Now, this one is about work.
Two weeks ago, we had an Inter-Service Training (IST) on “Mobilizing Youth for Climate Change.” Though many of us suspected this was invented purely to get funding to bring volunteers in to meet the visiting Director of Peace Corps, it turned out to be a fairly rewarding training. It was only two days, and we had some speakers who were not only high profile (the Director, the US Ambassador, the head of climate change organizing efforts in Fiji’s foreign ministry) but also those with relevant experience, information and suggestions, including an RPCV.
To back up a little more, I started an Environmental Club at my school a month ago, after forming an Environmental Committee in order to qualify for the Clean Nadi Schools program. We have since set up paper recycling bins in all the classrooms (made from leftover cardboard boxes we decorated) and gotten a huge burlap sack to collect it in downstairs. I created positions and let the the six Environmental Officers (a boy and a girl each from classes 6, 7 and 8). The most active so far has been Epi, who is the “Paper Executive” (we also have an “Compost Executive” and an “Environmental Seer”).
The plan is to get plastic recycling set up here as well, and then if it is going well after a month or so, to expand it into both/either other schools nearby and/or the village. I want to promote anti-litterbug behaviors; it’s so easy to just throw something to the roadside, but I want the kids at the school to recognize some of the problems with it and, perhaps more importantly, simply not do it.
Our first week we simply dug a leaf pile and combed through the compost for non-compostables. I also threw in a quick and easy lesson on erosion under an overhanging tree, whose roots provide a small cave. The next week, we went to a nearby river – we were lucky enough to get there just after a digger had been digging up the riverbed, leaving us not only a dirty river that we could take samples of but also a small streak of benzyne, that I used to talk about the danger of oil spills. But mostly, kids just played in the river.
This week, we went to Lautoka.[i] We took a minibus, thirteen students and I with Solo’s dad Emosi driving. We went to their waste site, which was actually really awesome. They take care of trash from Nadi, Lautoka and the resort islands in the Mamanucas and Yasawas, and they aren’t just a gigantic pile of rubbish. They clear out the market in the afternoons, compost the waste and sell 10kg bags for 3 FJD – but the demand is too high for their supply. They also allow waste-pickers to come in and recover recyclable plastics, which is the majority of their landfill, for 20 FJD a month. After the waste site, we visited their tree park (which also had fish ponds and a starfruit tree with plenty fruit).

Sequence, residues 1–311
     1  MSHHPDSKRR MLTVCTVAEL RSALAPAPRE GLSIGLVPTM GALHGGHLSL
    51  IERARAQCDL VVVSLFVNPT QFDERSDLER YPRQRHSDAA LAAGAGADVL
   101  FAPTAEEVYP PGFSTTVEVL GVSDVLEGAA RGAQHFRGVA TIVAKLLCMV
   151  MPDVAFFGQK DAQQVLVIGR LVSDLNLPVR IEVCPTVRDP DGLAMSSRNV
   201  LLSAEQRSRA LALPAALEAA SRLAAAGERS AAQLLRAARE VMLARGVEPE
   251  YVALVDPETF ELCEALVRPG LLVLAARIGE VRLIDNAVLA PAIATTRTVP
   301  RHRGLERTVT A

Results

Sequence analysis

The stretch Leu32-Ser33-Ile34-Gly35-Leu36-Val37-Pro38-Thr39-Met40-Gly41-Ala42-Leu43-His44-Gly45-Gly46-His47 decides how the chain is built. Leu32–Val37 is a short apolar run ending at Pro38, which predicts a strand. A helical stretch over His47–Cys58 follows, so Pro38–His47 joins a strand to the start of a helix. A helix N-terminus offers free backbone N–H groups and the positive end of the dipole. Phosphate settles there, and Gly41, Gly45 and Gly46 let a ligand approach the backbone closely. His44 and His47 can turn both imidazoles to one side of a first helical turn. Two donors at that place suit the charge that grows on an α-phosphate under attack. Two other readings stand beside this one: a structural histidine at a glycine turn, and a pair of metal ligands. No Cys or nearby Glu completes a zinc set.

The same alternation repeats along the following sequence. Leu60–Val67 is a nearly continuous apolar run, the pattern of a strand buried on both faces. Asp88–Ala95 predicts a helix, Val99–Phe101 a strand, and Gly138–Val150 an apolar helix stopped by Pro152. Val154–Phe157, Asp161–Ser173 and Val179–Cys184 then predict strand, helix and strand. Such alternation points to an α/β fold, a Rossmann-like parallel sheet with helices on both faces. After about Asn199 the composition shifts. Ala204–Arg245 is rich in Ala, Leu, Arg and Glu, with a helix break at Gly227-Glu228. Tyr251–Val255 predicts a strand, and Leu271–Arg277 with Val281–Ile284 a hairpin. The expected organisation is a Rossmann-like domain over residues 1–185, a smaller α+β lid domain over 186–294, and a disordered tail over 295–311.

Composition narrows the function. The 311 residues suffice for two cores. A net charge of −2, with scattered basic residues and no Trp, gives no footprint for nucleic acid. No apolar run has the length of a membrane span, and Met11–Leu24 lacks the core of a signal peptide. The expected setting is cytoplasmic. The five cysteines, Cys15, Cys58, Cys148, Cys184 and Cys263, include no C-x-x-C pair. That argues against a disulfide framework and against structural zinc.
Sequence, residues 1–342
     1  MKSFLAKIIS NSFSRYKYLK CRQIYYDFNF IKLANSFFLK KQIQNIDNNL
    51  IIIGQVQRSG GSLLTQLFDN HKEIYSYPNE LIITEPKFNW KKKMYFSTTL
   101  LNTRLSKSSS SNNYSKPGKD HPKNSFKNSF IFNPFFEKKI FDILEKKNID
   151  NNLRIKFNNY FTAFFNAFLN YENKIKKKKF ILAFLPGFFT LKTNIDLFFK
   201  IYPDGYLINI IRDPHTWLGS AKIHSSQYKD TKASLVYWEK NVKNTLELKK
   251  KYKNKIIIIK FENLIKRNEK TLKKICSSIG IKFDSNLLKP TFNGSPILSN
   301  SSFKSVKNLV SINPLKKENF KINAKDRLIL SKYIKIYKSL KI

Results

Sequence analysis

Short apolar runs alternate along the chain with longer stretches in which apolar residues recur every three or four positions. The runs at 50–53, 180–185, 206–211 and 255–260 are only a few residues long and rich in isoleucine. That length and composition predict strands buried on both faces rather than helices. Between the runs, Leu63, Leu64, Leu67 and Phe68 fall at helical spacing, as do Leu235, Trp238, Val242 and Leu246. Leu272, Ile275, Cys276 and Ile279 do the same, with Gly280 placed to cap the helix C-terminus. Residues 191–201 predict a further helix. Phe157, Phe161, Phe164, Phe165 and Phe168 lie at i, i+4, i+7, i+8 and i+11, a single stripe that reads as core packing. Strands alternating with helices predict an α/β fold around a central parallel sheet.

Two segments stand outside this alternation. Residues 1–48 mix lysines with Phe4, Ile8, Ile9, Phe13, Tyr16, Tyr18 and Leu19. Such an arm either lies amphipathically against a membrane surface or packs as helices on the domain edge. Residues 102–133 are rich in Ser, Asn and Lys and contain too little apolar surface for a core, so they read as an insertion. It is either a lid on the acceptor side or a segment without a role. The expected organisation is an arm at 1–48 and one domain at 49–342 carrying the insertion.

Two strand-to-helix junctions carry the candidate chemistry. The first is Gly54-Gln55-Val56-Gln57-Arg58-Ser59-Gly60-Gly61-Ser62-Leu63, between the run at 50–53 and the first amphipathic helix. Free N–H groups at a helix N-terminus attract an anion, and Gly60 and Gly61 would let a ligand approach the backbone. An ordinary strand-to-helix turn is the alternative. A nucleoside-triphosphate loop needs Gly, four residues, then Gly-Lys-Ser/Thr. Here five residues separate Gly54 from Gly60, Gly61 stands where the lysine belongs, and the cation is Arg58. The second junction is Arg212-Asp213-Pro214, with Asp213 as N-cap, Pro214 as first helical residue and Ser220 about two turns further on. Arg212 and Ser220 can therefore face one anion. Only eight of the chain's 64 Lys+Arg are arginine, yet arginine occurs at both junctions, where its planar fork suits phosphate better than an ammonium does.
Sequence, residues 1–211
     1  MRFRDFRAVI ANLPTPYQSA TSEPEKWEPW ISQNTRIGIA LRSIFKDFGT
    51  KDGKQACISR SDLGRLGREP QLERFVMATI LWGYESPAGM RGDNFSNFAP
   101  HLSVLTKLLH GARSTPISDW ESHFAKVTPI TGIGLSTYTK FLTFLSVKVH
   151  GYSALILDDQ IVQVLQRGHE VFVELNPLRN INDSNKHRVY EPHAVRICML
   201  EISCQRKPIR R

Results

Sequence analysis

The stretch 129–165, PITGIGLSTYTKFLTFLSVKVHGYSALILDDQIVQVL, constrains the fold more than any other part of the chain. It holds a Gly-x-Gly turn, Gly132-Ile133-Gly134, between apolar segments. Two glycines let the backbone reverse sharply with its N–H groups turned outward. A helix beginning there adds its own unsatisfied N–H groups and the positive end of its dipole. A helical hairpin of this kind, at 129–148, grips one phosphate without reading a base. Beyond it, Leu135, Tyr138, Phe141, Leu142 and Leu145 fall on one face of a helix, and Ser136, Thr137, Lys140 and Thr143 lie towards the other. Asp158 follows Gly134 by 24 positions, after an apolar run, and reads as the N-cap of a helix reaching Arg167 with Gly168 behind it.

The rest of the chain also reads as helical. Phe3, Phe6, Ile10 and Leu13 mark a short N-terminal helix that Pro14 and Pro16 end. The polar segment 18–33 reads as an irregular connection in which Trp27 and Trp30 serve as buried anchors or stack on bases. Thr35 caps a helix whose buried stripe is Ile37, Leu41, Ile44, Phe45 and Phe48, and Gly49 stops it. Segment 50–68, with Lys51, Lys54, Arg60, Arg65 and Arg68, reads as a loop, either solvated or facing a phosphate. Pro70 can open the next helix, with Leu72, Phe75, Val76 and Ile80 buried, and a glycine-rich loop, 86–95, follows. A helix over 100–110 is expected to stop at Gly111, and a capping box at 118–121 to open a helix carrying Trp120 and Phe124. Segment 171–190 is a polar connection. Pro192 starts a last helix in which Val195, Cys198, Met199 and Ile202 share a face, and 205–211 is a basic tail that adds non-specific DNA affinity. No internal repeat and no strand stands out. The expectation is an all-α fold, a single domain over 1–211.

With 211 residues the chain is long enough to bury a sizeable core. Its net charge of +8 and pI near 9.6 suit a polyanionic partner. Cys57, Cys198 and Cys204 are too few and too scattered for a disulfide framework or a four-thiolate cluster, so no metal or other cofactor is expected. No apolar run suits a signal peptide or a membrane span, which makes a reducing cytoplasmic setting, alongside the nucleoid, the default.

We’ll be going to the organic farm here in Sabeto, Aviva Farm, on Monday. Kids will plant their own plants (I forget what plant) and will be shown around the nursery and a few pretty cool plants. I’m also hoping that I will be able to get some tree-planting initiatives going on around here, but specifics remain extremely vague. Next week, I’ll be throwing a pizza party for the Environmental Officers – I’ll make some homemade stovetop pizzas that I’ve gotten pretty good at and put on a Planet Earth episode in the library, perhaps after doing some brief explanations and exercise on climate change. And in early August, we will participate in an oratory contest on the topic of climate change in Nadi.
I’m also investing US-Fiji relations, or more specifically for structural remnants from the 3-year usage of Sabeto village as an army base during WWII, and hoping to get that funded by the US Embassy. Still waiting on a responsive grant website for the covered walkway school management has enlisted my help for, as well as helping a little with applying for another grant to build a Multi-Purpose Hall/Evacuation Center.
On top of these, I’m organizing some reforms for the library, because I’m in charge of it and we finally got money in from the government for it. We’ll be starting a movie night once a week for all students, and also will hire a librarian that can run regular hours. We’ll also install another bookshelf near the ground, along with rugs that they can lounge and read on.
This is running long so I’ll cut it short here. Overall, I’m feeling pretty optimistic about my work and life here, though that’s not to say that I have entirely escaped the daily insecurities of miscommunication. They’ve just taken a backseat to the potential and receptiveness of the kaiSabeto I live and work with.
[i] The second-largest city in Fiji, around 100,000, about half an hour north of Sabeto.